Good and bad in a play from Broderick Jones.— Caleb James (@CJScoobs) April 25, 2023
- Explodes out of his stance, but turns his hips to the sideline.
- Good initial shot on the edge, but he over set and can't power back down to stop the inside spin move.
Refinement is needed, but the tools and mentality are there. pic.twitter.com/kH54NbFWWV
With a good initial start to the play, Jones quickly gets out of his stance. He has quick, smooth feet in his pass protection and promptly gets in a spot to mirror the defender. Jones turning his shoulders to the sideline would hurt him later.
As the edge prepares to make contact, he is met by a vicious shot from Jones. Using both hands, he delivers a shock into the edge and looks to drive him upfield.
With Jones looking to continue to attack, the edge quickly motors down and spins his way back to the inside.
Jones had turned his body to the sideline, which cut down the angle the edge rusher had to get around him, giving him a quicker path to the quarterback. Although Jones did have quick feet and a good strike with his hands, he was out of control and could not power back down to stop the inside move.
The forward lean into his punch and his tendency to turn his shoulders to the sideline are the two most extensive areas for improvement Jones needs. While they show up often in his film, he overcame the technical flaws with power and aggression.
I like this shove at the end by Broderick Jones. Would like to see the hips square to the LOS and no lean, but the power in the hands are there. pic.twitter.com/Lx88tMxCmf— Caleb James (@CJScoobs) April 22, 2023
Jones starts the play well, staying square in his stance. As the edge rusher gets closer, Jones becomes the aggressor, and it nearly gets him beat.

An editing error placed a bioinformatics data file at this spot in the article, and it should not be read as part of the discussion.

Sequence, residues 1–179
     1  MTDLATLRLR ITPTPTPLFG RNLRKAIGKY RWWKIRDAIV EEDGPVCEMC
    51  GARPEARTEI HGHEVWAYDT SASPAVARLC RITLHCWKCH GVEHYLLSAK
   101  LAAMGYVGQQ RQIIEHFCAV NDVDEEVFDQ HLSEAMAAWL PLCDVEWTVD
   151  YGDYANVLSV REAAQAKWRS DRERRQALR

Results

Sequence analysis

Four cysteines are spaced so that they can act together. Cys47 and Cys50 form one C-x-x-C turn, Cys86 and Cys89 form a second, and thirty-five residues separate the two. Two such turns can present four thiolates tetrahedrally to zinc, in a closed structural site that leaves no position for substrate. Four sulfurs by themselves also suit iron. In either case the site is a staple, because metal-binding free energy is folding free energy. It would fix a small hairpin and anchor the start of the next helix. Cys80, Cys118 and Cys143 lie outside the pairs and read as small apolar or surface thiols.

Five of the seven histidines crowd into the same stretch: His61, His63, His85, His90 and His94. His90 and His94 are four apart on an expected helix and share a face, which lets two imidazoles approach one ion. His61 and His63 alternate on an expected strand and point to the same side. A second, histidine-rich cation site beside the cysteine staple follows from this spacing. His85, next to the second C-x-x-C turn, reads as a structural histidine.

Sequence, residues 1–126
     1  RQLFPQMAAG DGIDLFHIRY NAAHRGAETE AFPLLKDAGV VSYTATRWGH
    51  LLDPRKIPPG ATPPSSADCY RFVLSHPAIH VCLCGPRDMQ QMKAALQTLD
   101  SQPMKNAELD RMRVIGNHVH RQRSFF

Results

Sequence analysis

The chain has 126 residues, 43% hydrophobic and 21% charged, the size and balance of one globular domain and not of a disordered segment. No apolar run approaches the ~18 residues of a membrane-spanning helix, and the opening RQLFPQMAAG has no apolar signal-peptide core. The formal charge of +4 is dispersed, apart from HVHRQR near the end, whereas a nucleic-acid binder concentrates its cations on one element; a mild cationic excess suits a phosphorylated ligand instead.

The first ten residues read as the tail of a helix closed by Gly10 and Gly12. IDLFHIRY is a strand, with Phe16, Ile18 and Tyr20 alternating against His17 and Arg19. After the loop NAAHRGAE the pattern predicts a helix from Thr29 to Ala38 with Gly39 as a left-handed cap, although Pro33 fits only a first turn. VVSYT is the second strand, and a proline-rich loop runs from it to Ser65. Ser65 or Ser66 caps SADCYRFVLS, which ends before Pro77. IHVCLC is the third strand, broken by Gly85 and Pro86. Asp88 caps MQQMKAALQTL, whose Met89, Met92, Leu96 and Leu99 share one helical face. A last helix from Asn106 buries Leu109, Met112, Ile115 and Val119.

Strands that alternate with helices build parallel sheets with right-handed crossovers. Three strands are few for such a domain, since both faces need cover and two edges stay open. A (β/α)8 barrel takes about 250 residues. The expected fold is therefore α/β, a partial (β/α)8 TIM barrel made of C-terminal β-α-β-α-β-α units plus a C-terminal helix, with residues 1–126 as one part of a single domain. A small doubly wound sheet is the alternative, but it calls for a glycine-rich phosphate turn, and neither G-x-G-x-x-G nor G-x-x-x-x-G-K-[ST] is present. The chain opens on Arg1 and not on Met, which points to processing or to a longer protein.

With a two-hand punch, he lunges into the edge but turns his shoulders and nearly allows the arc to be bent around him.
Just as the edge gets to the turning point of the arc, Jones gives him a nasty hip toss and sends him flying upfield.
Will the Chiefs trade up? Should they?
Despite Jones’ physicality and athletic ability, trading up into the top 19 picks to acquire him would be ill-advised.
Moving significant draft capital for a player who has never taken a snap of NFL football is always risky, especially if a team like the Chiefs makes a trade for a tackle who has never been asked to consistently vertically pass protect, regardless of the potential.
That said, if Jones falls into the 20s, the Chiefs should at least make calls. Of the teams to draft in the 20s, those most hungry for tackles would be the Baltimore Ravens at 22, The Buffalo Bills at 27 and the Cincinnati Bengals at 28.
The Seattle Seahawks at 20 and New York Giants at 25 make the most sense as trade partners considering they both have starting tackles on rookie deals and play in the NFC.
With 10 draft picks, the Chiefs would likely have to part ways with their second and a middle-round pick to match the value of the team they traded with.
If Jones were to end up in Kansas City, he would mostly be a blank slate for offensive line coach Andy Heck to mold in his image and could become a high-level starter with consistent and reliable technique.
While there would be work to do, Jones would fit the culture of physicality the Chiefs have fostered up front. Power and physicality cannot be taught, and Jones has plenty of both.